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Q. My 10-year old son takes trumpet lessons; my 13-year old daughter plays flute. Sometimes they "blank out" at recitals and forget the notes. Why do I get so embarrassed?

A. Let’s start with the second part of your question. Embarrassment can be defined as an acute reaction to the perception that we have not met expectations. What are your expectations for your children in relation to studying music? Is your goal to stimulate brain function, to provide them with a wide range of learning opportunities, and to enrich their lives? Or are they taking lessons and playing in recitals because of your veiled need to feel okay about yourself as a parent? Are you trying to make up something you missed in your childhood? Do you expect your child to performperfectly? If so, you may be creating a stressful situation for your child, as well as yourself. As to the first part of your question, emotional stress has been found to temporarily interfere with receptors in brain synapses. This can help to explain why a child can memorize a piece of music (or a poem), and under the stress of the performance, go blank. Confidence and the ability to recall memorization may go hand-in-hand. If you are very anxious about their performance, they will likely pick this up and internalize your expectations as stress.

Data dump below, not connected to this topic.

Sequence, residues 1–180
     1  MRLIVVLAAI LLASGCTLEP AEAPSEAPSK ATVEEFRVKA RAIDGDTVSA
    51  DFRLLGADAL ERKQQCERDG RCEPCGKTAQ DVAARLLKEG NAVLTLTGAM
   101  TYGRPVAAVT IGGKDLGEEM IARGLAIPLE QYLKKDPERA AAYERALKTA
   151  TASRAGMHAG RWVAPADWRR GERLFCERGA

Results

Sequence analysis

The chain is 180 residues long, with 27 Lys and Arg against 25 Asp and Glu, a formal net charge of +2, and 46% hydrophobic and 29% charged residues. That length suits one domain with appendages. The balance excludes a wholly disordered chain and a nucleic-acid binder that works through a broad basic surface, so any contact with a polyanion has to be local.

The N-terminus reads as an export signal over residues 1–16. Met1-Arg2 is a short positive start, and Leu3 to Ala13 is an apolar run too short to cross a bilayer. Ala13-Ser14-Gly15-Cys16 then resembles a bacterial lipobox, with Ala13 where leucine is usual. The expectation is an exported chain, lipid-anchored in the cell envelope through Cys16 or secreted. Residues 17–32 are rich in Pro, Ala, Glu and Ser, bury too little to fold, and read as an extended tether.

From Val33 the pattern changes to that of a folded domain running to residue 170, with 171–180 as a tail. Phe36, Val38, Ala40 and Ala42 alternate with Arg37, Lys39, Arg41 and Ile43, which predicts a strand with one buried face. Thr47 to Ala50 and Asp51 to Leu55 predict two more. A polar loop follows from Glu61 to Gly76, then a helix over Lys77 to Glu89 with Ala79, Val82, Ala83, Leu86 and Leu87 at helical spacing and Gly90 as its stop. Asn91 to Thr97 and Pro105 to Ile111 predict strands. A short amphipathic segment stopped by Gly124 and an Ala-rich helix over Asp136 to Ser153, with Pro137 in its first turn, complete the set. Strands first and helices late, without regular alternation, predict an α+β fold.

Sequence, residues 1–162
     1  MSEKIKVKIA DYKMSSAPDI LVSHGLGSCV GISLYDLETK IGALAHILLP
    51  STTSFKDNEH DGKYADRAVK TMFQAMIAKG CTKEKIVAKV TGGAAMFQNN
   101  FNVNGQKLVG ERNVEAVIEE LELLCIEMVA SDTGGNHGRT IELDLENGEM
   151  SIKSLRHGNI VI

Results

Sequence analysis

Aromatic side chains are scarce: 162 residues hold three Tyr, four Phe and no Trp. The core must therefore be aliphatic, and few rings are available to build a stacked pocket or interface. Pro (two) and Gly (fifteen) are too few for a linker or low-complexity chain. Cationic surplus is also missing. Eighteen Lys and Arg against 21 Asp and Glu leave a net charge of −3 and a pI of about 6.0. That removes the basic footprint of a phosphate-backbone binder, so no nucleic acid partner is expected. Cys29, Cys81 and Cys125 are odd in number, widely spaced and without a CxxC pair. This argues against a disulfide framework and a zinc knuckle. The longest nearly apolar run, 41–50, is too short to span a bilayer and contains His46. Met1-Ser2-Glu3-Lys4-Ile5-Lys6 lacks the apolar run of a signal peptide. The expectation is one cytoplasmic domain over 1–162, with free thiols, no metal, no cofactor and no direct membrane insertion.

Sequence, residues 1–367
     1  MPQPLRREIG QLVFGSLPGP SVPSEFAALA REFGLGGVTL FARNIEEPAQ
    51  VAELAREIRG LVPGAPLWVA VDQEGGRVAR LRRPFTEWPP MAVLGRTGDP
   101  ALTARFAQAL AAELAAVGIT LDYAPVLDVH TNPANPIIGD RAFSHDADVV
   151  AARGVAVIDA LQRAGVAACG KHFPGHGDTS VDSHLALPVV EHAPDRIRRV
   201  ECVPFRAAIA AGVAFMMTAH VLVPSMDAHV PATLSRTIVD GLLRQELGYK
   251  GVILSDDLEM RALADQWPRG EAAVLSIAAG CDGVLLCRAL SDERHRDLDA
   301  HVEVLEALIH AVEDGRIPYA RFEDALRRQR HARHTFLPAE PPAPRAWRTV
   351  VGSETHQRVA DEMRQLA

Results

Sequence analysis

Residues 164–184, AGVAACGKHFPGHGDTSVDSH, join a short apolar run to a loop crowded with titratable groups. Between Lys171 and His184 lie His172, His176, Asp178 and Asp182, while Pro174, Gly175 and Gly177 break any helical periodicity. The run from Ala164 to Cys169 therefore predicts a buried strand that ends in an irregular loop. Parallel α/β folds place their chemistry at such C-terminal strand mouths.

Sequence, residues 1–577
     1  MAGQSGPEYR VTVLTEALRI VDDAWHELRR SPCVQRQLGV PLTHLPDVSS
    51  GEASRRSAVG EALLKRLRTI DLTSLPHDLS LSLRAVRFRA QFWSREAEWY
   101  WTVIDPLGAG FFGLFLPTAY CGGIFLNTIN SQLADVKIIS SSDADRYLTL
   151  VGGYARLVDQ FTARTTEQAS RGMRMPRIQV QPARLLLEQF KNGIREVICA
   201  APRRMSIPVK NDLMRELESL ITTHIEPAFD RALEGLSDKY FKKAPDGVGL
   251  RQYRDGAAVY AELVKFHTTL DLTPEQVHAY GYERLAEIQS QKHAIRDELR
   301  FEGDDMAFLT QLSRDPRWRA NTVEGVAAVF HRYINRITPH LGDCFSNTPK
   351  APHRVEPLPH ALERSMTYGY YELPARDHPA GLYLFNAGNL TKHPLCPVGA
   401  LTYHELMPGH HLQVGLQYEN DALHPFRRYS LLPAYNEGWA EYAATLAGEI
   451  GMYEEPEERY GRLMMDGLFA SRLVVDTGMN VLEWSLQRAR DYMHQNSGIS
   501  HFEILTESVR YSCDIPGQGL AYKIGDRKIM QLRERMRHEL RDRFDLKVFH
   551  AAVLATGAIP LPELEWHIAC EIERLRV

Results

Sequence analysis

Of course, other factors influence the quality of one’s performance: brain lead, level of extroversion, amount of practice, and a balanced high-level-wellness lifestyle to name just a few.

You may want to explore personal growth aspects in your own life, and learn to reward effort as well as outcome, your own as well as that of your children. In an environment where excellence is encouraged, but where mistakes are viewed as opportunities for learning, embarrassment becomes less of an automatic reaction.

Finally, I believe that in most cases, a continued sense of embarrassment is a choice and I choose to avoid going there....

 

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